It is a new – and hopefully temporary – way of doing business.
Now that COVID-19 has reached pandemic proportions, you are probably making quick, and perhaps unprecedented, decisions for your team and your organization. You may be in the midst of rescheduling or cancelling your organization’s biggest fundraising events of the year, or you may be finalizing the details of remote working arrangements with your team. All the while, you are asking yourself: What does this mean for our fundraising program? How will we make goal? Is my staff ready for this? Is the board? Am I?
The short answer to your questions is: philanthropy will persist. These are challenging and uncertain times. There will be distractions as we all make our way through. We are here to support you, and we have outlined 8 activities you can do now to maintain and enhance your fundraising effectiveness during a crisis.
1. Approach every interaction with empathy. Each patron, customer, patient, or client you interact with is managing their own unique circumstances in this public health crisis as best they can. We are an industry motivated by enhancing the quality of life and standard of living. Every day we choose to embrace compassion and empathy in our interactions with the people we serve. And sometimes, we experience compassion fatigue. This is a difficult time for us all, including our colleagues, our board members, and our direct reports. Be gracious.
2. Connect with your donors early and often. We continue to embrace the fundamental truths of philanthropy: People give to personal causes that match their values. People give when they trust the leadership of the organization. People give when they have a relationship with the person asking. People give when they have confidence in the organization. People give because they are asked.
Our older donors seem to be particularly at risk. Call them just to see how they are. Ask if you can do anything for them. Most of them will say, “no,” but if they do say they could use a bag of apples, go to the store and deliver it to their porch. Don’t go inside and risk their health or yours.
While they are professional relationships, we care about our donors personally, and a small gesture can mean the world for your organization.
3. Give your donors the opportunity to help. There is a myth that, “now (insert a crisis large or small) is not a good time to raise funds.” Some periods in history may be more fortuitous for philanthropy, but never – even during the Great Recession – has giving stopped completely in the US. Some donors delayed gifts, others did not give at all, and still others continued to give gifts to campaigns large and small.
Now is the time to listen to donors concerns about how this emergency might affect your organization. Regardless of your position in the organization, now is the time to lead by reassuring your donors of your organization’s plan for this crisis. Update them on how things actually are affecting your mission, and share with them how they can help.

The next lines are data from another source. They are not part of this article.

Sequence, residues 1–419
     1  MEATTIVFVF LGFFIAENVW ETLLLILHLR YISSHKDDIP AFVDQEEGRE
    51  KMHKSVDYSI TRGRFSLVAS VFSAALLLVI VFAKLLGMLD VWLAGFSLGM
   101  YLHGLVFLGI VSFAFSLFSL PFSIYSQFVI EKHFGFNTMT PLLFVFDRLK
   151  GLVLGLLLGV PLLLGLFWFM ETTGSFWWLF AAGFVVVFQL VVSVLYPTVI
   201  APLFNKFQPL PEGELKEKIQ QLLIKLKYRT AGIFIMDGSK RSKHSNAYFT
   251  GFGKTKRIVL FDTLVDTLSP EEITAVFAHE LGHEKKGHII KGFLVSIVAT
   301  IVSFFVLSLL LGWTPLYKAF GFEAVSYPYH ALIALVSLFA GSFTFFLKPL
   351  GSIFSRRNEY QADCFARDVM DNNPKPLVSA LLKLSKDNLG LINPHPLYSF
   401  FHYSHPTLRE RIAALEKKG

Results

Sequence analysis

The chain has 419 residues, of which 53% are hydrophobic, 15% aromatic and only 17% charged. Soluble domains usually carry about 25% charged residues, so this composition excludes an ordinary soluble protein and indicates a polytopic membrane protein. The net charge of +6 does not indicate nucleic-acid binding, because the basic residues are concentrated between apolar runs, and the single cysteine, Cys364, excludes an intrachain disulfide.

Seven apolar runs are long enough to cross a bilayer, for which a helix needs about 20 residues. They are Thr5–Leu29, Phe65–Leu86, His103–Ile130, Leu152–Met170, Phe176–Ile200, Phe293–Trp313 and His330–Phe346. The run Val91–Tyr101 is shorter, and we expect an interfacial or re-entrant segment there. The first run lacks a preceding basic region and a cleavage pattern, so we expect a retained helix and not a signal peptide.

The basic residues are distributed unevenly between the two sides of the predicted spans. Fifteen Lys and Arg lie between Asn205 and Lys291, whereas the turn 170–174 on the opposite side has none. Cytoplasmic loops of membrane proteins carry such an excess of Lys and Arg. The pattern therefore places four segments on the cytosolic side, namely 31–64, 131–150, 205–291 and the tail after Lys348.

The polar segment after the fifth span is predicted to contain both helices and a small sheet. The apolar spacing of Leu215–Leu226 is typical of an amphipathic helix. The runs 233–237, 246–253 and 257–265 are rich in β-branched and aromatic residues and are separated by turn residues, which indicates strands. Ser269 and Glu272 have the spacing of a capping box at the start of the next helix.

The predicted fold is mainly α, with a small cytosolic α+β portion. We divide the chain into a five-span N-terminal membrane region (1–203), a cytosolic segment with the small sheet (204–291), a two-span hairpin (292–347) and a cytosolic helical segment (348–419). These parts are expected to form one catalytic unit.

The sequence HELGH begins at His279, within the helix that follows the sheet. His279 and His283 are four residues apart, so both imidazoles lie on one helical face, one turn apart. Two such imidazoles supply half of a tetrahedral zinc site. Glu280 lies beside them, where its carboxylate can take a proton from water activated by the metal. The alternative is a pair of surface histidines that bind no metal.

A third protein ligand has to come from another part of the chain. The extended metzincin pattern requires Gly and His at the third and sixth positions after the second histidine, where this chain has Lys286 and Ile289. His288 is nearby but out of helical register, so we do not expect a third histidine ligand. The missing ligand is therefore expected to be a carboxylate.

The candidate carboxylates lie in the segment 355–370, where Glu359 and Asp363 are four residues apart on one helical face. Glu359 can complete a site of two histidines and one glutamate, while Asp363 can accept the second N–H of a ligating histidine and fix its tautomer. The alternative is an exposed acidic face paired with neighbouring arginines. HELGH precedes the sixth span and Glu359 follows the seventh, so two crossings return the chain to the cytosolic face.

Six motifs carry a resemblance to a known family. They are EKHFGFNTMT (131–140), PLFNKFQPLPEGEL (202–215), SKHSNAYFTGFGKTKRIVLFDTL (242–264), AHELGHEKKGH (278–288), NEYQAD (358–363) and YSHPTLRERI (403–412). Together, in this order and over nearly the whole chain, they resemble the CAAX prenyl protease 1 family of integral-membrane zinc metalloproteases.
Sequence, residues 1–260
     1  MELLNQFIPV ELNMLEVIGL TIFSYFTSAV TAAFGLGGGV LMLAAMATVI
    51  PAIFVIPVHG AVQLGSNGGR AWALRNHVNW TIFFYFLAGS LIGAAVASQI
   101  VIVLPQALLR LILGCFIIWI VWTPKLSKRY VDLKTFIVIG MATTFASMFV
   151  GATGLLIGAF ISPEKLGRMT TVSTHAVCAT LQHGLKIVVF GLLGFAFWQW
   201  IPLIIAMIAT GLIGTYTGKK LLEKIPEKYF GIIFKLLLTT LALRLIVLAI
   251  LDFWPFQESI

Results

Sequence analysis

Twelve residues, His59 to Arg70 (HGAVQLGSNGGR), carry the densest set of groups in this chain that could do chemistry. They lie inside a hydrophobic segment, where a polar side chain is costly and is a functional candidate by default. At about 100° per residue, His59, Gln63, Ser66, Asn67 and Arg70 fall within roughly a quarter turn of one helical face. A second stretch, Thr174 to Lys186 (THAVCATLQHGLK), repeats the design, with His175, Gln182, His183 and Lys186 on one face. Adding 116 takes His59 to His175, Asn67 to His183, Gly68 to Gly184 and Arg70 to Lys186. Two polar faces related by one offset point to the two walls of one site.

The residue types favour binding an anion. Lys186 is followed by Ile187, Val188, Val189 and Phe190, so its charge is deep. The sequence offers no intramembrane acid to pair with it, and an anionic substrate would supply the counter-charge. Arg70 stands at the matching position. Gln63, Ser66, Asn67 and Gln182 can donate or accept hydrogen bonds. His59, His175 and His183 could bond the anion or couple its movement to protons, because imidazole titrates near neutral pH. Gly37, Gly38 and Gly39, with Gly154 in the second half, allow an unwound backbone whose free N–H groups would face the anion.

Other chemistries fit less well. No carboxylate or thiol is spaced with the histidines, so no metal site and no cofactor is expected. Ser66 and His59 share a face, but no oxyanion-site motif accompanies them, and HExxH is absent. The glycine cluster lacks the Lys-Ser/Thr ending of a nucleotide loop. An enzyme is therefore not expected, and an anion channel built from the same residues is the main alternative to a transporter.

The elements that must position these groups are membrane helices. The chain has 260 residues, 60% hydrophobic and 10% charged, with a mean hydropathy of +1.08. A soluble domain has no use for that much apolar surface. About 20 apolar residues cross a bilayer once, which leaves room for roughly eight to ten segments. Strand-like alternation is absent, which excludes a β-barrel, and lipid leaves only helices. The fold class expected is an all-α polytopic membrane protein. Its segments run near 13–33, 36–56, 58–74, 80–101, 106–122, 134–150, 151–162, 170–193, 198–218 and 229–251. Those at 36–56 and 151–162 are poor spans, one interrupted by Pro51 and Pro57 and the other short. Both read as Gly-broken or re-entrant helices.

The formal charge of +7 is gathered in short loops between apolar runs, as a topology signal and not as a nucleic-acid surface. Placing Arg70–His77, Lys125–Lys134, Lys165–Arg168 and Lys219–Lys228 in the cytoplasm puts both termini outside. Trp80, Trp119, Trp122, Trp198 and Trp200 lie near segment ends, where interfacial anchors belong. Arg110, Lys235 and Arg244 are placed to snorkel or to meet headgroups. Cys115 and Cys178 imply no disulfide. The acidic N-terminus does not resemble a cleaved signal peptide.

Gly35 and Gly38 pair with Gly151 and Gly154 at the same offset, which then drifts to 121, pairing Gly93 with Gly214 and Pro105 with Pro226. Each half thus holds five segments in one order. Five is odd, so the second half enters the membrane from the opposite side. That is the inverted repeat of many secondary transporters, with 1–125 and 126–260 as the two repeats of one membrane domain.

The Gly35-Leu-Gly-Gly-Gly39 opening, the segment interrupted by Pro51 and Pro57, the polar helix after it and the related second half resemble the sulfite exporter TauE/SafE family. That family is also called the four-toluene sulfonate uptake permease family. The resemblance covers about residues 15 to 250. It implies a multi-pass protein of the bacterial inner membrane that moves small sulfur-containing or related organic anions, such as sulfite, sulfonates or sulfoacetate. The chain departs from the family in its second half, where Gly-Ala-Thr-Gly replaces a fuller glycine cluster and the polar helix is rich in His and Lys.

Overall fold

If it’s not a good time, they will tell you. Let them help guide you in your next steps in the relationship.
4. Increase the pace of internal and external communications. Lack of information and lack of trust in information are the two greatest causes for uncertainty and panic. And two-way communication is critical both internally and externally.
Internally, collect the information, make sure your team knows the chain of command, what the plan is, and what will be released to the public. There will be questions from staff, and yet there will be different levels of “need to know.” Be as candid as you can and make sure your communication plan is clear.
Externally, keep your donors informed. They care about you and they want to know if activities have been cancelled and how they can help.
5. Use technology to its greatest advantage. Now is the time to strengthen relationships with your donors. Since this is not an ideal time to meet in person, it will be respectful to use their preferred method of communication and reach out. You can text, email, phone, or use a video conferencing system.
6. Evaluate the strength of your development program and diversify your revenue streams. Everyone is working to stay connected to donors, manage the needs of a suddenly remote workforce, and easing concerns of others. It is a challenging time. However, your organization will benefit by quickly taking stock of the diversity of your philanthropic revenue streams. For example, if you rely heavily on events at this time, how can you begin to engage with these constituents as individual donors? If you have relied heavily on direct response, how can you begin to identify those people who are ready to move up the donor pyramid?
7. Put systems into place that help your remote workers feel connected. There are a range of collaboration tools that are intuitive, easy to adopt and will keep your team connected, even when they aren’t sitting right next to one another. Try a collaboration tool like Slack, MS Teams, Monday.com or any of the many other flexible and inexpensive tools available.
8. Think creatively. Necessity is the mother of invention. It has been our firm’s experience that in addition to being kind, caring and compassionate, our clients are intelligent, strategic, resourceful, and highly creative. It is your willingness to be inventive that will buoy your organization through turbulent times.
We are here to support you, with these 8 Activities, and others that will arrive in your inbox in the coming days and weeks. You can count on the Skystone Partners team to provide you with prompt, thoughtful, and relevant information to support the success of your fundraising. Please reach out to one of our team members if you would like to have a personal conversation.
COVID-19 and Your Fundraising Program:
Eight Activities You Can Do Now to Maintain and Enhance Your Fundraising Effectiveness During a Crisis
by Elizabeth Kohler Knuppel